Under the proposed rule, a maximum of 4 years of stay would be issued for international students. However, initial visa terms for certain categories of students would be limited to 2 years. Specifically, individuals who were born in or are citizens of countries designated as state sponsor of terrorism– Iran, North Korea, Sudan, and Syria – or are citizens of countries with a student and exchange visitor visa overstay rate exceeding 10 percent would only be eligible for 2-year visas subject to renewal.

According to DHS, these countries currently include: Afghanistan, Benin, Bhutan, Burkina Faso, Burma, Burundi, Cameroon, Cape Verde, Central African Republic, Chad, Congo-Brazzaville, Congo-Kinshasa, Côte d'Ivoire, Djibouti, Equatorial Guinea, Eritrea, Ethiopia, Gabon, the Gambia, Ghana, Guinea, Guinea-Bissau, Guyana, Haiti, Iraq, Kenya, Kosovo, Kyrgyzstan, Liberia, Libya, Malawi, Mali, Mauritania, Moldova, Mongolia, Nepal, Niger, Nigeria, Papua New Guinea, the Philippines, Rwanda, Samoa, Senegal, Sierra Leone, Somalia, South Sudan, Sudan, Syria, Tajikistan, Tanzania, Togo, Tonga, Turkmenistan, Tuvalu, Uganda, Uzbekistan, Vietnam, Yemen and Zambia.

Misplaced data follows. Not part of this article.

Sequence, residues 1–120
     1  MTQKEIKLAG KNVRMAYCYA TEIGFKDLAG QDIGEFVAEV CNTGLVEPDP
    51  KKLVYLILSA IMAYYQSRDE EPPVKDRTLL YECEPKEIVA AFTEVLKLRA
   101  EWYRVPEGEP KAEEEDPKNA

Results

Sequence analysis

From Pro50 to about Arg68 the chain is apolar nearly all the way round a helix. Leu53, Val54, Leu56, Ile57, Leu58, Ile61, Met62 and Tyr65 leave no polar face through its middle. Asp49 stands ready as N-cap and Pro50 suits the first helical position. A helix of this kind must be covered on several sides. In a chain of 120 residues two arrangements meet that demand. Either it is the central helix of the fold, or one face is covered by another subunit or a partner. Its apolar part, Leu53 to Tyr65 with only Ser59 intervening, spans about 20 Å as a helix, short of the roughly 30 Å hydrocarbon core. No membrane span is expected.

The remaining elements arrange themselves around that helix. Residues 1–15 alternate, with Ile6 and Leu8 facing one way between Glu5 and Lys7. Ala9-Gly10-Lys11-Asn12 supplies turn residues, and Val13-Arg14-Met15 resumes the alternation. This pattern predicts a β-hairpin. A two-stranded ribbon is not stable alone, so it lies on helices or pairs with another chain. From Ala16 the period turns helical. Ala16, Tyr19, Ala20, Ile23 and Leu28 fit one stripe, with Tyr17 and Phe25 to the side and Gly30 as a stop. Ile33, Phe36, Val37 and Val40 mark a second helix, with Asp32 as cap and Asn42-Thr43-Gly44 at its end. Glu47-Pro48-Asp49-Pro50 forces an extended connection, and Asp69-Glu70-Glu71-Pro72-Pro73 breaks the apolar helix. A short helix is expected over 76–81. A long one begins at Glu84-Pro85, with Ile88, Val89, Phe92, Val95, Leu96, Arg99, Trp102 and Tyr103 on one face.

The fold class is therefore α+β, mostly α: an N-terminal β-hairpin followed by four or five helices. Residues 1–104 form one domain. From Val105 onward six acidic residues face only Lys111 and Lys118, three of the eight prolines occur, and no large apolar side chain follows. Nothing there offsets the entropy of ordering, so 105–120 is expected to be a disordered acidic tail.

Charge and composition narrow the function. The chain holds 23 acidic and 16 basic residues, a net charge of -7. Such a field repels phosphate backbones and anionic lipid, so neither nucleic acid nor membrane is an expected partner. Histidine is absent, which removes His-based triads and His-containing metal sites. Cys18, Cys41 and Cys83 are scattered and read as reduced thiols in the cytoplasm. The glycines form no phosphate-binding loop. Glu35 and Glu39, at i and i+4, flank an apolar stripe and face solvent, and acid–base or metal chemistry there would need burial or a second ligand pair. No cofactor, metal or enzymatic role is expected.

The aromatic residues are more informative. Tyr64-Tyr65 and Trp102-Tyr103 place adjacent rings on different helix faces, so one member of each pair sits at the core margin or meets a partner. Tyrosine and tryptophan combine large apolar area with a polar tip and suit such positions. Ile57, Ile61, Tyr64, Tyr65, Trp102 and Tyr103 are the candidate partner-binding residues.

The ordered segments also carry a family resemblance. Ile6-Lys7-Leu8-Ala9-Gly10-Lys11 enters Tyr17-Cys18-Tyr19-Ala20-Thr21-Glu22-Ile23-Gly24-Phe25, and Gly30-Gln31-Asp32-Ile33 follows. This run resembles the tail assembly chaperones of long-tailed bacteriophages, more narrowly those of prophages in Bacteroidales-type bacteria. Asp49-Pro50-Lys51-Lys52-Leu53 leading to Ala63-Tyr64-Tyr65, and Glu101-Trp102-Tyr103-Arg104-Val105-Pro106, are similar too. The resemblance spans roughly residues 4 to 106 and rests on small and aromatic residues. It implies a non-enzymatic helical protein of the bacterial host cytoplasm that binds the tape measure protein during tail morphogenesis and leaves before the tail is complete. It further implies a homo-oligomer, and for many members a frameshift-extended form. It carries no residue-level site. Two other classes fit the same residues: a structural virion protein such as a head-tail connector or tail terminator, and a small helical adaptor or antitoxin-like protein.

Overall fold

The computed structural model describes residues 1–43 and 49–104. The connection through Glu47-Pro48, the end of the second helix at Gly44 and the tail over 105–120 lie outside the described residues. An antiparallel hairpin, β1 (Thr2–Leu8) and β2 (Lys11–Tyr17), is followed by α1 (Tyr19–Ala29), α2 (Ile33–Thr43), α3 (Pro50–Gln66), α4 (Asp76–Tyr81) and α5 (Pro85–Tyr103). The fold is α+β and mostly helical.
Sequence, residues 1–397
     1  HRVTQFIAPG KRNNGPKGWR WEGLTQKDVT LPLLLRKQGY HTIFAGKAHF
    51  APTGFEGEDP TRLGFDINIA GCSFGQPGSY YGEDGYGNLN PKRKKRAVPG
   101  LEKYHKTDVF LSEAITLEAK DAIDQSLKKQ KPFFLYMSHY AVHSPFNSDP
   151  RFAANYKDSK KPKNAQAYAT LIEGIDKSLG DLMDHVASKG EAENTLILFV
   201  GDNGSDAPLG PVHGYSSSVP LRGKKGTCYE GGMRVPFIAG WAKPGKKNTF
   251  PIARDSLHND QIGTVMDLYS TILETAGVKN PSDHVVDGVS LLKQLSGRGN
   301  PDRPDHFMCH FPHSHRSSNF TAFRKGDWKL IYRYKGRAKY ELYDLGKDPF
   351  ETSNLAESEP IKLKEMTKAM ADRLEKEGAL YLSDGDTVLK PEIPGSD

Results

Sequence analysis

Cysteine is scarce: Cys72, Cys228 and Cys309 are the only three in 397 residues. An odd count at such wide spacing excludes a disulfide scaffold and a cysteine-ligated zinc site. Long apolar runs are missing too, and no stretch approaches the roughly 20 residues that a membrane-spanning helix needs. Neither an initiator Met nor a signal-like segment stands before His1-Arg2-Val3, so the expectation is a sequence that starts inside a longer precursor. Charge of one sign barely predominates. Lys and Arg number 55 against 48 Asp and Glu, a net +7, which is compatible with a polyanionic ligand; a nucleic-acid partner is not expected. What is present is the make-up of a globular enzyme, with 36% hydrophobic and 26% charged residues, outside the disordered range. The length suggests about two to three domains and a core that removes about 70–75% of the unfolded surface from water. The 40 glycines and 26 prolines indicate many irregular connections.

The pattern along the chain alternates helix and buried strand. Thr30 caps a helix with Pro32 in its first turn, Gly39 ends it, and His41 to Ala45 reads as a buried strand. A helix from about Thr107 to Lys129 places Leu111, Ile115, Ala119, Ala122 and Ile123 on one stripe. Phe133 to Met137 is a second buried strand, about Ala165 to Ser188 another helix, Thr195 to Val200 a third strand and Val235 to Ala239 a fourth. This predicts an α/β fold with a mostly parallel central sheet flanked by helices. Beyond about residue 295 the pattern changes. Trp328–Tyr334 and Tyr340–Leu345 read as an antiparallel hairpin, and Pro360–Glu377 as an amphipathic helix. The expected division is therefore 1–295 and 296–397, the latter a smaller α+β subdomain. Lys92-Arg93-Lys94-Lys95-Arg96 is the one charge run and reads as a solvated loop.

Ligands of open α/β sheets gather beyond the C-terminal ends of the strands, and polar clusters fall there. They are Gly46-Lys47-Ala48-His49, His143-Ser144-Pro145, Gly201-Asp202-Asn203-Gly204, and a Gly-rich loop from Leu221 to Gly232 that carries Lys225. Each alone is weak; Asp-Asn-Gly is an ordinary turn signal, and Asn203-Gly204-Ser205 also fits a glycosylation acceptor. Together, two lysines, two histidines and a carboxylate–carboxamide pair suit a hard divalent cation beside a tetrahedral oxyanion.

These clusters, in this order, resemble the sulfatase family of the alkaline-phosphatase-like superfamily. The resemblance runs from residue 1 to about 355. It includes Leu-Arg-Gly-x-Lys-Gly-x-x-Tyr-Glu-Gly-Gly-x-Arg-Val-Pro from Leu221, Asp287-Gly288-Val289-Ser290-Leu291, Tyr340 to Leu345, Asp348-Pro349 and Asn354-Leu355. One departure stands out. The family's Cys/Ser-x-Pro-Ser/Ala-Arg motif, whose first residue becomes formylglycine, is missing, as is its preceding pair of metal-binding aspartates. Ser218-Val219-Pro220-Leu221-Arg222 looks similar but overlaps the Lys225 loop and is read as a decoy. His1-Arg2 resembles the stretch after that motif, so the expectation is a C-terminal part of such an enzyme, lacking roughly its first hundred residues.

The proposed rule would also limit the admission of other individuals to 2-years “if the DHS Secretary determines that U.S. national interests warrant limiting admission to a 2-year maximum period in certain circumstances.” Similarly, noncitizens who are not attending institutions accredited by an accrediting agency recognized by the Secretary of Education and students attending schools or exchange programs not participating fully in E-Verify would be subject to the 2-year limit.

Q: Are students eligible for extension if their status expires?

Under the proposed rule, in addition to obtaining a recommendation from the DSO for an extension, students must apply for an application for extension with USCIS using the Form I-539. The extension could be approved by the USCIS if the program length goes beyond the minimum initially granted, additional time needed is due to a compelling academic reason, a documented medical illness or medical condition, or circumstances beyond the student’s control. USCIS considers failing classes as within the control of the student, so that academic challenges would no longer generally be a basis for extension. An extension of stay application is requested by filing Form I-539. Biometrics of the applicant would be collected in conjunction with the extension of stay application. The application fee would be $455. Right now, the I-539 application takes on average 5 - 7 months to process.

Q: How does the proposed rule affect students in a PhD program that might require more than a 4-year study?